[ PRIVACY Forum ] Toward Pervasive Internet Encryption:

privacy at vortex.com privacy at vortex.com
Tue Dec 11 03:49:52 PST 2007

Unshackling the Self-Signed Certificate
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  Toward Pervasive Internet Encryption: Unshackling the Self-Signed  


Greetings.  In "http: Must Die! (and The Encryption Solution)"
( http://lauren.vortex.com/archive/000338.html ), I suggested an
accelerated move toward the routine use of encrypted TLS/https:
instead of unencrypted http: for Web communications.

An issue that cannot be ignored in this regard is the cost and
logistics of server security certificates that are natively
recognized by popular Web browsers.

Certificates are required to enable TLS encryption in these
environments, of course.  And while the marketplace for commercial
certs is far more competitive now than it was just a few years ago,
the cost and hassle factors associated with their purchase and
renewal are very relevant, especially for larger sites with many
operational server names and systems.

What isn't widely understood outside of the technical community is
that "self-signed" certificates, which can be generated for free by
anyone (and with essentially arbitrary expiration dates) can enable
these cryptographic systems in a manner very similar to commercial
certs.  What self-signed certs typically won't provide is the same
"web of trust" confirmation (via a widely recognized certificate
authority) for the *identity* of a given site.

However, in a vast number of applications where absolute identity
confirmation is not required (particularly when commerce is not
involved), self-signed certificates are quite adequate.

Why then are self-signed certs primarily employed within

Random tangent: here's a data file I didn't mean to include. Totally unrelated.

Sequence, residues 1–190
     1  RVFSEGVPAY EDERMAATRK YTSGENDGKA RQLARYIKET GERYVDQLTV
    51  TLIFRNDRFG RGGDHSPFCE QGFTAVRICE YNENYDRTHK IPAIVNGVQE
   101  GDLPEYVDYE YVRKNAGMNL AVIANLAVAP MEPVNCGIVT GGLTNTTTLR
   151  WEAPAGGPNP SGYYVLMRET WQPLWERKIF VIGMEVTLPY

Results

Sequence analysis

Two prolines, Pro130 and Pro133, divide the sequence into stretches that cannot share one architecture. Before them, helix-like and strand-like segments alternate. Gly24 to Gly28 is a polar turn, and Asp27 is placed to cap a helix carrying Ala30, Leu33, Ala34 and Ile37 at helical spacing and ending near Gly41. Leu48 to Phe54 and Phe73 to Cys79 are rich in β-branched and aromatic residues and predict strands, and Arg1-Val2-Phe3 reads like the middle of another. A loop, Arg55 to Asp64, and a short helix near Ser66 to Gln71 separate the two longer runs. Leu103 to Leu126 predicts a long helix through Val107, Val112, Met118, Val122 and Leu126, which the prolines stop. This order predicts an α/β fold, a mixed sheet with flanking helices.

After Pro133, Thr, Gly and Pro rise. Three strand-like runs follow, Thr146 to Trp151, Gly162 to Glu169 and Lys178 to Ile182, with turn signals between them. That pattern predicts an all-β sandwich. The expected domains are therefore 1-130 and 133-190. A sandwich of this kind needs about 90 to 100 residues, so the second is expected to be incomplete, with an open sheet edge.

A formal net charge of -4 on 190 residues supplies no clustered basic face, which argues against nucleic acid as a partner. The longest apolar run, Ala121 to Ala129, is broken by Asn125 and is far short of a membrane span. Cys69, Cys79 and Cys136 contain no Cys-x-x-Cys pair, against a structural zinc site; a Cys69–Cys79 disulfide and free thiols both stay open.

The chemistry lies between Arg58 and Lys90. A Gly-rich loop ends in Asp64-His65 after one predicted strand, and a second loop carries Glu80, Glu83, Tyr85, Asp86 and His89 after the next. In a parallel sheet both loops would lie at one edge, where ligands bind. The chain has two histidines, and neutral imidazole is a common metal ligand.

organizations, but comparatively rarely for servers used by the
public at large, even where identity confirmation is not a major

The primary reason is that most Web browsers will present a rather
alarming and somewhat confusing (for the typical user) alert as part
of a self-signed certificate acceptance query dialogue.  This tends
to scare off many people unnecessarily, and makes self-signed
certificate use in public contexts significantly problematic.

Security purists may bristle at what I'm going to say next, but so
be it.  I believe that we should strongly consider something of a
paradigm shift in the manner of browsers' handling of self-signed
certificates, at the user's option.

When a browser user reaches a site with a self-signed certificate,
they would be presented with a dialogue similar to that now
displayed, but with additional, clear, explanatory text regarding
self-signed certificates and their capabilities/limitations.  The
user would also be offered the opportunity to not only accept this
particular cert, but also to optionally accept future self-signed
certs without additional dialogues (this option could also be
enabled or disabled via browser preference settings).

If the user declined this option, the browser would continue to
treat self-signed certs in the traditional manner.  If the option
were accepted, future self-signed certs would not trigger the query

In either case, the use of a self-signed certificate would ideally
cause the appearance throughout that session of an appropriate
unobtrusive but clearly visible "self-signed cert" notification
message or icon.  I would also recommend that the browser URL
address bar change to a unique color (e.g. light blue or some other
acceptable choice) to indicate a self-signed certificate in use.

There are obviously significant security ramifications to this
proposal to be carefully analyzed, and a range of variations in the
ways that something along these lines might be implemented.

But I hope that this discussion helps to stimulate explorations
regarding the possible desirability and practicality of much larger
scale use of self-signed certificates on the Internet, particularly
to encourage the transition of routine Web browsing to an encrypted

Lauren Weinstein
lauren at vortex.com or lauren at pfir.org
Tel: +1 (818) 225-2800
Co-Founder, PFIR
    - People For Internet Responsibility - http://www.pfir.org
Co-Founder, NNSquad
    - Network Neutrality Squad - http://www.nnsquad.org
Founder, PRIVACY Forum - http://www.vortex.com
Member, ACM Committee on Computers and Public Policy
Lauren's Blog: http://lauren.vortex.com

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